History of Easter Island
Have you ever heard of Easter Island? It is true that such a place exists and the name it received because had been found exactly at Easter in 1772. Easter Island is a Polynesian island in the south-eastern Pacific at the most south-eastern point of the Polynesian triangle.
The latest research found that the sculptures standing on stone pedestals and in their manufacture are used stone tools, rocks and hemp. Today, on this island live around 3.791 inhabitants and they are a mixture of several nations. Most of them live in the biggest settlement Hanga Roa. This island has the furthest aerodrome in the world, with twice a week flights that bring curious tourists from around the world.
The name “Easter Island” was given by the first recorded European visitor, Dutch explorer Jacob Roggeveen who arrived on the island on the day of Easter in 1722. The official name of the island is the Spanish name, “Isla de Pascua”, the Spanish term for “Easter Island”. Roggeveen during research since he found the island revealed that it has from 2000 to 3000 inhabitants.
The Easter island is a separate territory of Chile. It is known for its monumental statues called moai. They are about 900 and have form of human heads with simple bodies. These huge stone statues known as moai were carved in tuff light rock formed from consolidated volcanic ash and placed on a ceremonial stone platform. We still do not know exactly why these statues were created in such numbers and with such height or how they passed the island.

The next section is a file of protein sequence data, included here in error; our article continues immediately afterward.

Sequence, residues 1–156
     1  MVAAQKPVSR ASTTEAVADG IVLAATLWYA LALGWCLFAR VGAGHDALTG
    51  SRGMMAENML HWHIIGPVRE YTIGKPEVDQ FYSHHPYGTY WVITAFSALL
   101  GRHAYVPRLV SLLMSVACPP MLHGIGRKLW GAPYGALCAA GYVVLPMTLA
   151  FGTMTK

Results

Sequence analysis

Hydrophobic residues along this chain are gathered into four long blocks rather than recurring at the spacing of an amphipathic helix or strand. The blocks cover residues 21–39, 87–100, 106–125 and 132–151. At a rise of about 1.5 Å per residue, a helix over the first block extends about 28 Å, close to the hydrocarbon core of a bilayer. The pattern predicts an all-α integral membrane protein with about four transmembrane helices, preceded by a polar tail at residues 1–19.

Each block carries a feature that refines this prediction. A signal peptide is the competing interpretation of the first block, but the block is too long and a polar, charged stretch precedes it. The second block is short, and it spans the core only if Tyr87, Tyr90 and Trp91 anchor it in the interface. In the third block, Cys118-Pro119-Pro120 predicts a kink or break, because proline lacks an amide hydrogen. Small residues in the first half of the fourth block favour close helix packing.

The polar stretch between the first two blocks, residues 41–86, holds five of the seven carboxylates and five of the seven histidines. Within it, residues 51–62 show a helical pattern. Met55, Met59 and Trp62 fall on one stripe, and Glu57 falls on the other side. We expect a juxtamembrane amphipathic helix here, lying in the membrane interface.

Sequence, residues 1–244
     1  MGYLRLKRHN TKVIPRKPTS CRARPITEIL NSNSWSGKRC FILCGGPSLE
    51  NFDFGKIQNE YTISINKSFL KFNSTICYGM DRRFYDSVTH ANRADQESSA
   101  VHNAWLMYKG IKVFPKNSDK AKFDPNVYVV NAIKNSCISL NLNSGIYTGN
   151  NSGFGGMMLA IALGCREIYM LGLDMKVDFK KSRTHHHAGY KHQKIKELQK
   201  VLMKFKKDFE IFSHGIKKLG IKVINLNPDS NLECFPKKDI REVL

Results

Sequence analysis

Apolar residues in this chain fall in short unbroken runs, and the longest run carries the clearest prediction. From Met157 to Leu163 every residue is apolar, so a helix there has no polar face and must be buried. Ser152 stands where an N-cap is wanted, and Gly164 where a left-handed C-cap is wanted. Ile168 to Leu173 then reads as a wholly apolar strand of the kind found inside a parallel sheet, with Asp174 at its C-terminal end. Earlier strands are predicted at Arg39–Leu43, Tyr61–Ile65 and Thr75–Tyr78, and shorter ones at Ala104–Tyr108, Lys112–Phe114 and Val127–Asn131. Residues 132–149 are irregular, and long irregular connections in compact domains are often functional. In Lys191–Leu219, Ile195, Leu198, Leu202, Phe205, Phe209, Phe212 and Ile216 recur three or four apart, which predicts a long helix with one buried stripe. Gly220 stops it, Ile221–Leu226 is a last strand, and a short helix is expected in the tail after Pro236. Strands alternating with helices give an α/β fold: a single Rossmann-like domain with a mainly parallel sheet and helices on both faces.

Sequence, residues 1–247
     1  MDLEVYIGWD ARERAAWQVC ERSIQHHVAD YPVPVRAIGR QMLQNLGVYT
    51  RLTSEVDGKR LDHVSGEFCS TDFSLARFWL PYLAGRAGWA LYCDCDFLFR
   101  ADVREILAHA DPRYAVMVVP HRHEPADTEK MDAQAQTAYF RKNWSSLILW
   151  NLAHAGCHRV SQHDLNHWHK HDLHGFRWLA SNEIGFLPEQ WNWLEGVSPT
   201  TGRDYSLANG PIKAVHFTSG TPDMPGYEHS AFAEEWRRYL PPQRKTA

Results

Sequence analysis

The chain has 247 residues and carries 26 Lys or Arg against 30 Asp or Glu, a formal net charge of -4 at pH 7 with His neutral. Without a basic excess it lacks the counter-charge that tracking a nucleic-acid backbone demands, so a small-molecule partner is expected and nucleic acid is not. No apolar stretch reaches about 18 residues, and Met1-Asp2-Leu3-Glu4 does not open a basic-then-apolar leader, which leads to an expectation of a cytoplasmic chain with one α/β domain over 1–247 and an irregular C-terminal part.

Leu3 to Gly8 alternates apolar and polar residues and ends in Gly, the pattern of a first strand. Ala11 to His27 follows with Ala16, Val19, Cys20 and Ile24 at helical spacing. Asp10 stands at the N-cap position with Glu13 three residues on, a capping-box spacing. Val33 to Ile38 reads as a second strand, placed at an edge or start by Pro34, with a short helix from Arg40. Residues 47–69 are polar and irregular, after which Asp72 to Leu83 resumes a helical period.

It is just known that these magical giants’ stones were built by the Rapa Nui, residents of the island. It is thought that these people disappeared as a result of over exploitation of their small island. Another explanation for their extinction is linked to the arrival of the disease in Europe. They are part of UNESCO’s World Heritage Site together with Rapa Nui National Park.
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